Following the defeat to Barack Obama in 2012, Republicans were in a tough spot. Democrats beat Republicans on social media, just about every key battleground state, and they connected significantly better with women, young voters, and Hispanics, the latter of whom voted 71% Democrat. RNC Chairman Reince Priebus led a coalition of Republicans in charge of writing a plan to better connect with voters, collect analytical data, build a more effective social media presence and establish a better ground operation in key swing states.

Although many Republicans including President-elect Donald Trump did not heed the advice of the initiative, the party established ground game proved highly effective in close battleground states like Pennsylvania and Florida. In addition, the plan helped Republicans maintain a majority of State Legislatures, and Governor Seats, and helped Republicans preserve majorities in both the House and Senate.

Following last Tuesday’s election, the Democratic Party is likely in a worse position than the Republicans were four years ago. Not only did an overly confident Hillary Clinton lose a very winnable election, but she managed to lose traditionally blue states like Pennsylvania and Michigan in the process. Adding on, the Democrats failed to retake the senate. The party’s wounds go way beyond Tuesday’s election. Since President Obama took office, the Republicans have not only dominated the Senate, but also the House of Representatives, Governorships, and State Legislatures.

How did we get here? Where did Democrats go wrong? As shown by Election Day ballot initiatives, liberal issues are relatively popular. Recreational Marijuana passed in just about every state that had it on the ballot, Colorado, Maine and others voted to increase the minimum wage, Nevada voted overwhelmingly in favor of expanding firearm background checks, Californians voted in favor of introducing a measure to review the Citizens United Supreme Court case, and Arkansas became the first bible-belt state to approve medical marijuana.

For the Democrats, the problem is not the issues, it’s their candidates. Hillary Clinton dramatically failed to excite both the Democratic base and independent voters. Democrats can blame whomever they want to, but Middle America’s distaste for Secretary Clinton does not stem from Bernie Sanders, Gary Johnson, Jim Comey, alternative media, or anyone other than Hillary Clinton and the Democratic Party establishment. If Democrats want to move on, they need to recognize how and why they lost.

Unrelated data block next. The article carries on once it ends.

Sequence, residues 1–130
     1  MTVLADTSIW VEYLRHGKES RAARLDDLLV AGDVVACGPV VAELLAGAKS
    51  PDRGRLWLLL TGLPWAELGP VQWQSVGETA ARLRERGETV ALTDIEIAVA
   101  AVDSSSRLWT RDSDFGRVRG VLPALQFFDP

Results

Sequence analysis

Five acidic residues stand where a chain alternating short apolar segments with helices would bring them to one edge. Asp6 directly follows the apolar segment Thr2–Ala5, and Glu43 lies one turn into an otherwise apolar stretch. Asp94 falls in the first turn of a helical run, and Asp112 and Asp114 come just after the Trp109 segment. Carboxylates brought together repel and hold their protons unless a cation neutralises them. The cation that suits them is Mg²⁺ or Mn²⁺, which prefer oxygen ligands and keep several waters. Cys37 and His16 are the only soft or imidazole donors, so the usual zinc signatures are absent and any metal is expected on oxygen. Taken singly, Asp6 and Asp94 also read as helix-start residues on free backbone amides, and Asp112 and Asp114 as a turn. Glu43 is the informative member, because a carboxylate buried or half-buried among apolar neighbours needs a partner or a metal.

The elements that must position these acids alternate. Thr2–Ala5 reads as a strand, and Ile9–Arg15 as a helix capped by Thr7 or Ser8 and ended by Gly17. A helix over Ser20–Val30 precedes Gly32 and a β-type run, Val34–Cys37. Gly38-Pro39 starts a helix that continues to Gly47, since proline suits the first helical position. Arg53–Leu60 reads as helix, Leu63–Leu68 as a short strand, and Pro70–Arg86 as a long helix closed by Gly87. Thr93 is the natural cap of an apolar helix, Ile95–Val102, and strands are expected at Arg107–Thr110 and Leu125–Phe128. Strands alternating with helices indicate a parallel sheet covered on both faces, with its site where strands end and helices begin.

Hillary Clinton failed. She failed to get voters excited, she came across as arrogant and entitled, and voters simply did not trust her. Democrats looked at polls, listened to the media, and assumed they had the election already won. They failed to listen to who truly mattered; the people. Democrats failed to run a grassroots election. Millions of Americans are unhappy, economically insecure, worried about terrorism, worried about trade, and do not feel like typical politicians really care about them. You can argue whether their fears are rational or not, but that is not the point. Hillary failed to address people’s fear. After the Orlando Night Club shooting Secretary Clinton blamed guns, not terrorism for the attack. While a conversation about guns is not something we should discourage, many people feel Democrats are afraid to have a serious conversation about radical Islam. According to gallup polls from last year, Americans have not been this worried about terrorism since 2001. The problem is that establishment Democrats are not on the same page with common people.


Democrats need to know why Hillary Clinton lost so they can fix their mistakes. They need to stop blaming others, stop making excuses, and start owning up to their shortfalls. The days of public and private stance politicians are over. The days of scripted, calculated politicians are over. If Bernie Sanders proved anything it is that Democrats can successfully run a “by the people, for the people campaign.” Democrats can win an election without race baiting, without empty platitudes, and most importantly, Democrats can run a grassroots campaign. Hillary Clinton took money from just about anybody willing to give it to her. That did not sit well with young voters. If Democrats want to appeal to the next generation of voters, they need to start dramatically limiting who they take money from. It may not be the easiest way to run a campaign, but it certainly is the most popular way.

On March 1st the DNC will elect a new chairperson. If Democrats seriously want to content, they need a true progressive. Someone who will stand up for minorities, as well as the white working class. Someone who will stick up for unions, push for campaign finance reform and promote unity. If Democrats get the right candidate, stress the issues people care about, and stick up for the downtrodden, there is no question they will attract voters in 2018 and 2020.

I welcome any and all feedback. If you disagree with me, I’d love to hear your thoughts.